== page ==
From Biodeterioration to Creativity: Bioreceptivity of Spruce Pine 87 Glass Batch by Fungi

Alexandra Rodrigues, Margarida Alves, Sara Gutiérrez-Patrício, Ana Z. Miller, Maria Filomena Macedo

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The bioreceptivity, and the consequent biodeterioration of contemporary glass, used by artists worldwide, was studied. The two main objectives were: first, to verify if fungi with some culture media would produce more damages than the same fungi without a nutritional source, and to verify if the two genera of fungi produce the same damage on the same glass. Colourless glass samples with Spruce Pine 87 Batch (SPB-87) composition were inoculated with two distinct fungal species, Penicillium chrysogenum and Aspergillus niger, separately: (i) half with fungal spores (simulating primary bioreceptivity), and (ii) half with fungi in a small portion of culture media (simulating organic matter that can be deposited on exposed glassworks, i.e., secondary bioreceptivity). The alteration of glass surfaces were analysed by Optical Microscopy, SEM-EDS and µ-Raman. The mycelium of Penicillium chrysogenum generated a higher amount of fingerprints, stains and iridescence, whereas Aspergillus niger produced more biopitting and crystals on the glass surface. However, both species damaged the glass to different degrees in 4 and 6 months after the inoculation, producing physico-chemical damage (e.g., iridescence, biopitting), and chemical alterations (e.g., depletion and deposition of elements and crystals). The primary bioreceptivity experiment of glass samples inoculated with Aspergillus niger results in less damage than in the case of secondary bioreceptivity, being almost similar for Penicillium chrysogenum. The new and in-depth understanding of the bioreceptivity and deterioration of post-modern glass art and cultural heritage provided here is of paramount importance for the scientific, conservation and artistic communities—to protect glass cultural materials, or seen by artists as innovative and inspirational ways of creating glass art in the future.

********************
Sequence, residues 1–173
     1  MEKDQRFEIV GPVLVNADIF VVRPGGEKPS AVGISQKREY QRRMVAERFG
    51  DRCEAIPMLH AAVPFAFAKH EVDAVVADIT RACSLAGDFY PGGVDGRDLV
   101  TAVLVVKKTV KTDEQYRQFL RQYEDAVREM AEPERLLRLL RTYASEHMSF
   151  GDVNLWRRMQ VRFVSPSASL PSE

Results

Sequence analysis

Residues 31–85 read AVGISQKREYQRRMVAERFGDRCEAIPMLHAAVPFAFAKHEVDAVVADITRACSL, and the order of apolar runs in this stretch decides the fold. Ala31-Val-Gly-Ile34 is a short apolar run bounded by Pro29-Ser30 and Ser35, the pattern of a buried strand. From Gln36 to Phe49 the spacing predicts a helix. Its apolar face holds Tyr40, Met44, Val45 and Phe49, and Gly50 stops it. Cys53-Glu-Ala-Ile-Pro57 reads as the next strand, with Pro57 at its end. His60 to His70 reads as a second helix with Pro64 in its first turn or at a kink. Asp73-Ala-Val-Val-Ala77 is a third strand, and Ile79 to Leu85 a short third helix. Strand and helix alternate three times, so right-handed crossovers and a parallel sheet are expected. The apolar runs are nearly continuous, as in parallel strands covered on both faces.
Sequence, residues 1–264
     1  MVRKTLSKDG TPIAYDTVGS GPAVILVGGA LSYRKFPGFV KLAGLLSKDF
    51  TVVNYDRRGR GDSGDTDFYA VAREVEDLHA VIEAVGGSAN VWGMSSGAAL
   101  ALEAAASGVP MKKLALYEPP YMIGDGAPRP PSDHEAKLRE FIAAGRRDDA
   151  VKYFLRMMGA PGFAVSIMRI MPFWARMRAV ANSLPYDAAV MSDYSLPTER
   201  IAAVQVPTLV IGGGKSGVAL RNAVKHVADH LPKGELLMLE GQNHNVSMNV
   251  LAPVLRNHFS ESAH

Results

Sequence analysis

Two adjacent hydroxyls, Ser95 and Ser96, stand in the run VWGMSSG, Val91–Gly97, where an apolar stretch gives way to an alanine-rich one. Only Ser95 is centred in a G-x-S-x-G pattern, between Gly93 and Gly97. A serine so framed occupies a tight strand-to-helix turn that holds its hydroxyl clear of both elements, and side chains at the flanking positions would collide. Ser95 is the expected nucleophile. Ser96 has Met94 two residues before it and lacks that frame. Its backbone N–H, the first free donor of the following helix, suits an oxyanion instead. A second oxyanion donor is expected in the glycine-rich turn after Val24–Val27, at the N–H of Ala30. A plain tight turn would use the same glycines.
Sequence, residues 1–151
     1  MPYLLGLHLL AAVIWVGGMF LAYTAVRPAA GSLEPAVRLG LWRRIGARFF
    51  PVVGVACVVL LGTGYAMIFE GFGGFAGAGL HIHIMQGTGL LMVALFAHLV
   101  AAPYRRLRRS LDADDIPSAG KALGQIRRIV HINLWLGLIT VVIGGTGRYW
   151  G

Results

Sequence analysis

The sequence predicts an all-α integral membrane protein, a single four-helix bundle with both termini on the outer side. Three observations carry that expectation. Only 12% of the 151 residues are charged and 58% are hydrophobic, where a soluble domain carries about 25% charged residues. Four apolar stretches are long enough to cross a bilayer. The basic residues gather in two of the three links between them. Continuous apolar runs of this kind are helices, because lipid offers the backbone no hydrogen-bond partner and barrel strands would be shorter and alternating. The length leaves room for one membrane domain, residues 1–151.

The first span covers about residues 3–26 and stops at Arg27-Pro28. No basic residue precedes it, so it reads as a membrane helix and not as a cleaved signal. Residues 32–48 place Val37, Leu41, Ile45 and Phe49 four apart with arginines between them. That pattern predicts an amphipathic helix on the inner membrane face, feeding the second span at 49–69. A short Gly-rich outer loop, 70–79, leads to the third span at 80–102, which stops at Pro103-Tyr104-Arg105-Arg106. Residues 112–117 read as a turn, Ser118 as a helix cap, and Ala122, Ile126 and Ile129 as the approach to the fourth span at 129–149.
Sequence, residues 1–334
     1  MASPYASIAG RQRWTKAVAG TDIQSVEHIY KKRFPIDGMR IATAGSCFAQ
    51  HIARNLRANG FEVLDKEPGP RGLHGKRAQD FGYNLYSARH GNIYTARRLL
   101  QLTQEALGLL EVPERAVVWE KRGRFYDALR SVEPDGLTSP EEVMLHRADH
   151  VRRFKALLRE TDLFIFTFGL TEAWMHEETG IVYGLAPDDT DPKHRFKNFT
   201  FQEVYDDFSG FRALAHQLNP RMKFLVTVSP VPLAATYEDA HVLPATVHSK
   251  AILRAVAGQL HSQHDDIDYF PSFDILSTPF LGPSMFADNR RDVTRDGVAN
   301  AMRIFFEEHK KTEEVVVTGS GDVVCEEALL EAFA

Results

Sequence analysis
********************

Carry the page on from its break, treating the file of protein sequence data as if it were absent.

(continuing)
Original languageEnglish
Article number7672
Number of pages24
JournalApplied Sciences (Switzerland)
Issue number15
Publication statusPublished - 29 Jul 2022


  • Aspergillus niger
  • biodeterioration
  • bioreceptivity
  • contemporary glass art
  • fungi
  • Penicillium chrysogenum
  • soda-lime glass
  • Spruce Pine Batch 87


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